Superstar running back Adrian Peterson's season is now officially over and, in a sense, he has Ray Rice to thank for the lengthy suspension that was imposed on him this week by embattled NFL commissioner Roger Goodell.
Don't misunderstand. Peterson is totally responsible for the behavior that put him on Goodell's exempt list while the child abuse charges he faced were adjudicated. He took a switch to his 4-year-old son and caused injuries severe enough to warrant a felony indictment, then pleaded no contest two weeks ago to a misdemeanor charge of reckless assault.
It's fairly obvious, however, that Goodell's decision to suspend him until at least April 15 was heavily influenced by the Rice scandal, which focused a very harsh spotlight on the NFL's arbitrary and incoherent disciplinary system.
When a national furor erupted upon the release of the damning second Rice elevator video, Goodell told everyone who would listen that he got it wrong when he initially suspended Rice for only two games for his infamous elevator assault on then-fiance Janay Palmer last February.
The NFL took so much flak for that laughably light penalty that Goodell instituted a new domestic violence policy in August and went far beyond it when he extended Rice's suspension indefinitely in the wake of the second video's release. Rice and the NFL will find out from arbitration judge Barbara S. Jones sometime in the next week whether the league went too far and violated Rice's rights under the league's labor agreement by punishing him a second time for the same offense.
The Peterson suspension also is going to be appealed by the NFL Players Association, which responded with this statement on Tuesday morning:
"The decision by the NFL to suspend Adrian Peterson is another example of the credibility gap that exists between the agreements they make and the actions they take. Since Adrian's legal matter was adjudicated, the NFL has ignored their obligations and attempted to impose a new and arbitrary disciplinary proceeding."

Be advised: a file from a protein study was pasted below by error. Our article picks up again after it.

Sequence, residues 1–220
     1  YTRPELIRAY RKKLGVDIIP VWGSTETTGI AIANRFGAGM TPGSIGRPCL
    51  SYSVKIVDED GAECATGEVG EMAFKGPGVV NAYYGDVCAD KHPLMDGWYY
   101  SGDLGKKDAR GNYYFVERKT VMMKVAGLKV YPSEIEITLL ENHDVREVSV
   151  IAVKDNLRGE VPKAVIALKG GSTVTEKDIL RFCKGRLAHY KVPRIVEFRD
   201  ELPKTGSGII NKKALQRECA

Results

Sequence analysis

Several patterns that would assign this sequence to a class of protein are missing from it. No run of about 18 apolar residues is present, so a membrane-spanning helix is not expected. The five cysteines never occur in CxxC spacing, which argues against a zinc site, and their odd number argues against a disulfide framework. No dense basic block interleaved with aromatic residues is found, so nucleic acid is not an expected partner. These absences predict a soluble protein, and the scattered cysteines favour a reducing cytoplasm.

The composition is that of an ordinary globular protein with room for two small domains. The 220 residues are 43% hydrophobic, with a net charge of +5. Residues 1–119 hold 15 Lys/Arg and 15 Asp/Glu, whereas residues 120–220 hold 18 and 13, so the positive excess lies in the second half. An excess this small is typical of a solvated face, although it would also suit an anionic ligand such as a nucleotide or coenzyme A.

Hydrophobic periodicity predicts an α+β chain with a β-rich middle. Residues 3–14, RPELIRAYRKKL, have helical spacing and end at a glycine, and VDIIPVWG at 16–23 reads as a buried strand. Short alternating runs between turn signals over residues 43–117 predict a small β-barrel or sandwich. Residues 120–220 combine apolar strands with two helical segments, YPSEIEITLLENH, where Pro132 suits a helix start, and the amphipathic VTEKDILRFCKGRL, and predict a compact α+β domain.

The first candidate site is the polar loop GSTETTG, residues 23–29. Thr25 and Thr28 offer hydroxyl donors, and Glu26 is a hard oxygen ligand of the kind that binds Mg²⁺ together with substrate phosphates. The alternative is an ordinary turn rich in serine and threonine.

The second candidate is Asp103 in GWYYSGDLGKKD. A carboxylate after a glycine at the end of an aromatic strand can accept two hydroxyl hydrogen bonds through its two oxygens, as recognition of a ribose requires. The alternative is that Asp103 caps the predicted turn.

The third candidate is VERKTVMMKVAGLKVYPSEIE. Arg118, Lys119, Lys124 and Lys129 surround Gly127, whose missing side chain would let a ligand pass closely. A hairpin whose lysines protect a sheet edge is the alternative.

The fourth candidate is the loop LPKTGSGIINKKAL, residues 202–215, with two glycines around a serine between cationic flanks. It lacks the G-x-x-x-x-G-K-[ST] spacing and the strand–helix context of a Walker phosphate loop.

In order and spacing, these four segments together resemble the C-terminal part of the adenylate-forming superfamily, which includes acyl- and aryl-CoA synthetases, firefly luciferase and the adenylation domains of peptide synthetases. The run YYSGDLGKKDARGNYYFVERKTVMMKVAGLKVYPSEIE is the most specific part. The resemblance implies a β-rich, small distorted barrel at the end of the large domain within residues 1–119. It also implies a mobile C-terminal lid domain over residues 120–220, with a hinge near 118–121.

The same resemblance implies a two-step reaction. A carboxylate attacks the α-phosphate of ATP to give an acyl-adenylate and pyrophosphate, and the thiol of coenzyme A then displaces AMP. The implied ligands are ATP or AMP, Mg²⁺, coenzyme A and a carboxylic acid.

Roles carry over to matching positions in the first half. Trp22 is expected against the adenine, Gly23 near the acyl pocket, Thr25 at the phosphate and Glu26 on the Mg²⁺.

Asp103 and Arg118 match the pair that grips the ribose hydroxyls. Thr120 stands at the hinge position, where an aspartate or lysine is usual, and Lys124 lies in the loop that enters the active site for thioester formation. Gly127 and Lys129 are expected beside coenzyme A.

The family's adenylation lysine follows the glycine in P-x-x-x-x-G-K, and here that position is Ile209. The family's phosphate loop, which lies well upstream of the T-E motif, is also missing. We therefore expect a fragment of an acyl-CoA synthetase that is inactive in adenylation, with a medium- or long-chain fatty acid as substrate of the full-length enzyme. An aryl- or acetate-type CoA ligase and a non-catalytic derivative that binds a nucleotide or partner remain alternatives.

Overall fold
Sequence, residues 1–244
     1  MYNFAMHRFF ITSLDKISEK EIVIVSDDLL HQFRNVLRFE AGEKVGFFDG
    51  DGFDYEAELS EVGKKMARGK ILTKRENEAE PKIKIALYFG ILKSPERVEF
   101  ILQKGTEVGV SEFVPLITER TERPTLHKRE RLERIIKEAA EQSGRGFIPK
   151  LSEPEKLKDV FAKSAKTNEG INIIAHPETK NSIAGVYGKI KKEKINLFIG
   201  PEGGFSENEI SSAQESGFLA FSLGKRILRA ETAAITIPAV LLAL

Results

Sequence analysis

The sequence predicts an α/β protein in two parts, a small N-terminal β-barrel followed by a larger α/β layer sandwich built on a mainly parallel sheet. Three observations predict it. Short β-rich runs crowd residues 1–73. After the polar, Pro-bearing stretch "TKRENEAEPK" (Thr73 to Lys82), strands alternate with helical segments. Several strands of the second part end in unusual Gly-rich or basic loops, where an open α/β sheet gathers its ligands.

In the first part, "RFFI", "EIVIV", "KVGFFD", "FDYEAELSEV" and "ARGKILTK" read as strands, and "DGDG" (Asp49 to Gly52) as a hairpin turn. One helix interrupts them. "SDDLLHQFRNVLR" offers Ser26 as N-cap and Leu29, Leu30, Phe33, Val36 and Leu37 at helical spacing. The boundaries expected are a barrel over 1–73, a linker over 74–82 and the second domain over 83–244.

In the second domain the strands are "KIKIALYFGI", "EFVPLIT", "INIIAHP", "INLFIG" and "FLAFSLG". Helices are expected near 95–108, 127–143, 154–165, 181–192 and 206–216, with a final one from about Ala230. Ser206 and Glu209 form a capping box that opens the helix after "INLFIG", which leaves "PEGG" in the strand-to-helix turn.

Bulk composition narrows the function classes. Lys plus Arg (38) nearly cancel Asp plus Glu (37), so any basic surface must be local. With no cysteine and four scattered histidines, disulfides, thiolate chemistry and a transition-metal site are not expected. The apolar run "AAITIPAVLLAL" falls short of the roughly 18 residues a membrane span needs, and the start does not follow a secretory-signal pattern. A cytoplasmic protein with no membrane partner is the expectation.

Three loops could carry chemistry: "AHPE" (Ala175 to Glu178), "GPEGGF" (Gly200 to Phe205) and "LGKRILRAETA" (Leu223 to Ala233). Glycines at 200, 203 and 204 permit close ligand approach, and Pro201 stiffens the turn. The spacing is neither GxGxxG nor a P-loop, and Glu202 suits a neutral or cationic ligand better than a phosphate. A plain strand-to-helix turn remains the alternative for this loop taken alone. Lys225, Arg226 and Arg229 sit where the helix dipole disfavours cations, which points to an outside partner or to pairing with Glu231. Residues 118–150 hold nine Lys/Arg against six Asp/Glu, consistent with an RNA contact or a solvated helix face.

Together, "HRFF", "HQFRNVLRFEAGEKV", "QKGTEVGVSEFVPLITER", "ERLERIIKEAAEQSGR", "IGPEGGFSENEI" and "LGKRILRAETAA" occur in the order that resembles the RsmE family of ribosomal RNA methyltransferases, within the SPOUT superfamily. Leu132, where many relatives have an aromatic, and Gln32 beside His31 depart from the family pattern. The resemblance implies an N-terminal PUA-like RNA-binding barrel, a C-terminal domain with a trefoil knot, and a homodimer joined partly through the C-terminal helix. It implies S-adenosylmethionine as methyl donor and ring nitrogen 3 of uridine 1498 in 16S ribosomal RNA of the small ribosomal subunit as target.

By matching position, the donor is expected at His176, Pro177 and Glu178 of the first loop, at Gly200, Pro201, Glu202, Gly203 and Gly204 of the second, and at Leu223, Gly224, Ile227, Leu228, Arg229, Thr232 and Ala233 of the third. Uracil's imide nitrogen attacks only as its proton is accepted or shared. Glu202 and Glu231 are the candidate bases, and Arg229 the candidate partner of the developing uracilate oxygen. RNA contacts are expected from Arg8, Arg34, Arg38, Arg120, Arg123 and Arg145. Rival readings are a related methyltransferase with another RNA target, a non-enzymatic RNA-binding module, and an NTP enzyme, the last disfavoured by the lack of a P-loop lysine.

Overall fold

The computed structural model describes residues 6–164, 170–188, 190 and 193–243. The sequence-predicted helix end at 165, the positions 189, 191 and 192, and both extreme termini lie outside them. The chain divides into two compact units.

NFLPA executive director DeMaurice Smith went even further during an appearance on ESPN Radio's Mike & Mike show on Tuesday, clearly drawing a connection between the Rice and Peterson situations.
"You get the feeling over the last few months that the National Football League has simply been making it up as they go along." Smith said.
Goodell would have a tough time debating that point. He was generally lauded seven years ago for creating the tough player conduct policy that is commonly known as the "Goodell Doctrine," which gave him almost total authority to discipline players for off-field misbehavior, even in cases where their guilt or innocence had not yet been determined in court.
He used that power early on to levy strong penalties on repeat offenders such as Adam "Pacman" Jones and Chris Henry, but waited months for the legal process to proceed before suspending superstar Michael Vick for his role in an illegal dogfighting operation and did not weigh in on Rice until five months after the elevator incident.
Since then, Goodell has scrambled to "get it right," which is why he commissioned former FBI director Robert Mueller to investigate the league's handling of the Rice case and has reached out to a variety of experts to help him deal with the hot-button issues of domestic violence and sexual assault.
There's certainly nothing wrong with any of that, but the players union is right to question whether Goodell shifted gears during the Peterson case and came down harder on him to avoid more public scorn or to punish him for not attending a hearing called by the commissioner's office that the union felt was outside the jurisdiction of the sport's collective bargaining agreement.
No doubt, union officials were hoping that the well-publicized mishandling of the Rice incident would spell the end of the "Goodell Doctrine" and compel the commissioner to negotiate a new player conduct policy that includes more objective disciplinary standards. There have been some discussions between the league and the union about possible changes in the way the commissioner handles disciplinary cases, but it should be apparent from the Peterson suspension that Goodell isn't interested in ceding any of his disciplinary authority.
The NFLPA already has said it will appeal the suspension and demand a neutral arbitrator hear the case, though Goodell has the right under the collective bargaining agreement to decide who hears the appeal.
Goodell didn't have much choice but to agree to an independent arbitrator in the Rice case, since his bungling of the situation had come under intense public criticism. It will be interesting to see if he hunkers down this time and re-asserts his authority over the appeal process.
Maybe the "Goodell Doctrine" is not dead after all.
Read more from columnist Peter Schmuck on his blog, "The Schmuck Stops Here," at baltimoresun.com/schmuckblog.